Several of the superannuation changes announced in the May 2016 Federal Budget are scheduled to take effect in July 2017. The impact these changes will have on estate planning will depend on how assets are currently structured and the role superannuation is playing in that structure.
Some of the most important changes are around the amounts we can have in superannuation and how we get that money into a super fund.
$1.6million Transfer Balance Cap
A $1.6 million cap is being placed on the total amount that can be transferred from an accumulation account into a retirement phase pension account. Each person will have one cap regardless of how many super funds they belong to.
The cap will be indexed periodically in $100,000.00 increments in line with the CPI and the cap applies to each member of the superannuation fund.
If at 1 July 2017 there is more than $1.6 million in the pension account the excess will need to be withdrawn or transferred back into an accumulation account where any earnings are subject to 15% tax.
On death the transfer of the pension phase account balance to a spouse or other entitled beneficiary either as a lump sum death benefit or as a revisionary pension may have the effect of pushing their account balance over the $1.6 million cap. Recipients in these circumstances are required to reorganise their affairs “as soon as practicable”. The ATO has indicated that they expect any reorganisation to be done within 6 – 12 months of the date of death. Whether this time frame is achievable remains to be seen. A grieving spouse might not be able to deal with the reorganisation of the super fund or there might be a challenge to the distribution of the death benefit which causes a delay. Hopefully the specific circumstances of each case will be considered before any penalties are applied.
People with account balances at, or close to, the $1.6 million cap will need to consider whether they should be revising their Death Benefit Nominations.
Annual Concessional Contributions Cap Reduced to $25,000.00
Concessional Contributions are the “before-tax” contributions made to superannuation. These include employer superannuation guarantee contributions and salary sacrificed contributions as well as self-employed tax deductable contributions. From July 2017 the concessional contributions cap will reduce from the current rate of $30,000.00 per year, $35,000.00 for over 50’s, to $25,000.00 per year.
The cap will be indexed periodically in $2,500.00 increments in line with increases in average weekly earnings.
From July 2018 people with an account balance of less than $500,000.00 will be able to carry forward any unused portion of the concessional contributions cap for a period of 5 years without penalty.
The ability to make concessional contributions will be improved with all workers under the age of 65, and those up to the age of 75 who meet the work test able to claim a tax deduction for personal contributions to super up to the cap. This will apply even if their employer is not allowing the employee to make pre-tax contributions through salary sacrifice.
Annual Non-Concessional Contributions Cap Reduced to $100,000.00
The ability to make after tax contributions to super is also being restricted. Currently there is an annual cap of $180,000.00 which can be carried forward over three years.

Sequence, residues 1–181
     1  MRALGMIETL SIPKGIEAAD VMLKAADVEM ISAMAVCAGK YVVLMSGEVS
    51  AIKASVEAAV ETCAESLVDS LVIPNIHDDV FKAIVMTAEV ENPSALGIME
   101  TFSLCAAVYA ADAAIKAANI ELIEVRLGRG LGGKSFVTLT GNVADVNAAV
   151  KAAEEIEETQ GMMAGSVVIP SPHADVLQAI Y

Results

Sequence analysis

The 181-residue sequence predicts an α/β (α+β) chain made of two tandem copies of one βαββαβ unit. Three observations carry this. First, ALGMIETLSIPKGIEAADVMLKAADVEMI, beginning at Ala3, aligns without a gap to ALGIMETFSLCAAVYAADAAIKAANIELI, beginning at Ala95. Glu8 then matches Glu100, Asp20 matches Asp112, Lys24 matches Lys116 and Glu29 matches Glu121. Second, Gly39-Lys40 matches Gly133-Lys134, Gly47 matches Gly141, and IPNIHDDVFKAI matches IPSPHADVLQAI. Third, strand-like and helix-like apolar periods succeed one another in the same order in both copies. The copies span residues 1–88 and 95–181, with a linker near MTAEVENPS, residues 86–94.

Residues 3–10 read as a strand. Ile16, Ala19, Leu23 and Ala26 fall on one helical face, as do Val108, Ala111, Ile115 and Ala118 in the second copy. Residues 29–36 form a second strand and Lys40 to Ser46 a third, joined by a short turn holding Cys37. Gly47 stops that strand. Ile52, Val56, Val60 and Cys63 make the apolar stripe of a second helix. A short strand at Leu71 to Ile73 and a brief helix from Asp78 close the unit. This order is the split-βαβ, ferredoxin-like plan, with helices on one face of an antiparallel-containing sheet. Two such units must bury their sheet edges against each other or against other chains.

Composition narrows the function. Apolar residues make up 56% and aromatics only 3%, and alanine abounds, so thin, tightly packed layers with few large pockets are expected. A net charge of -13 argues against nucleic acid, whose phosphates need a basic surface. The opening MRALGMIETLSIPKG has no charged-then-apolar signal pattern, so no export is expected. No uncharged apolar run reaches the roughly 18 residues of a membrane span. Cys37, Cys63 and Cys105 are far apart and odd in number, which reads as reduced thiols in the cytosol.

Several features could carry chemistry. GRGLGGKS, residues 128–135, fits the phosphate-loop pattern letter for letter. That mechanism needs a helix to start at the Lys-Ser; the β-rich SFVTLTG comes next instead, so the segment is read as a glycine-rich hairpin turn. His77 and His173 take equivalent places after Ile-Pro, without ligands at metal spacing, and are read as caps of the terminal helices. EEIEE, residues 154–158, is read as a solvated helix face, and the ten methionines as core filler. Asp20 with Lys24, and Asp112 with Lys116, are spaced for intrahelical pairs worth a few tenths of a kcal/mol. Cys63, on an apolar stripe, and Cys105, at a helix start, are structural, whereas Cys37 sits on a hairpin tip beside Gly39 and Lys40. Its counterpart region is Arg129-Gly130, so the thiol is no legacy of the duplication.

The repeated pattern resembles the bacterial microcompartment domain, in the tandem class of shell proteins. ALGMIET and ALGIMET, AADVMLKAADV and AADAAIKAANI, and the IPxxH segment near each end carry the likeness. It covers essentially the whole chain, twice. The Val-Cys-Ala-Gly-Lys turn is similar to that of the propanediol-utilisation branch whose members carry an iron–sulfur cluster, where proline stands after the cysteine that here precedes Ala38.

As of July 2017 the amount of non-concessional, after tax, contributions you can make will be reduced to $100,000.00 per year. Any unused balance can still be carried forward over three years.
The ability to make non-concessional contributions ceases if the members account balance exceeds $1.6 million.
If you consider that before these changes $540,000.00 could be paid into super over a three year period and now that has been reduced to $300,000.00 this will have a significant impact on people who were planning to make substantial contributions to superannuation in the last few years leading up to retirement.
Often people have spent the early part of their working life paying off the home mortgage, raising children and generally not having a lot of extra money to contribute to super. In later life when the demands of family are less onerous, spare cash can be funnelled into retirement savings. In the past an inheritance received prior to retirement might have been paid into super as a non-concessional contribution. All of this will still be possible but the new caps will apply.
As you can see the impact these various changes will have on estate planning will depend on the individual. It will certainly mean that additional contributions to superannuation (apart from the superannuation guarantee amounts paid by employers) will have to start from an earlier age to ensure sufficient funds are available for retirement. Lump sum contributions will have to be managed carefully to make sure that the contribution caps are not breached. The distribution of death benefits will also have to be considered carefully to make sure that the recipient does not inadvertently breach the various caps and limits. Ongoing discussions with financial planners and accountants will be essential so that any changes that are required can be managed in a timely manner.
Unfortunately given that governments of both persuasions have been unable to resist the urge to tinker with our superannuation these changes are unlikely to be the last we see.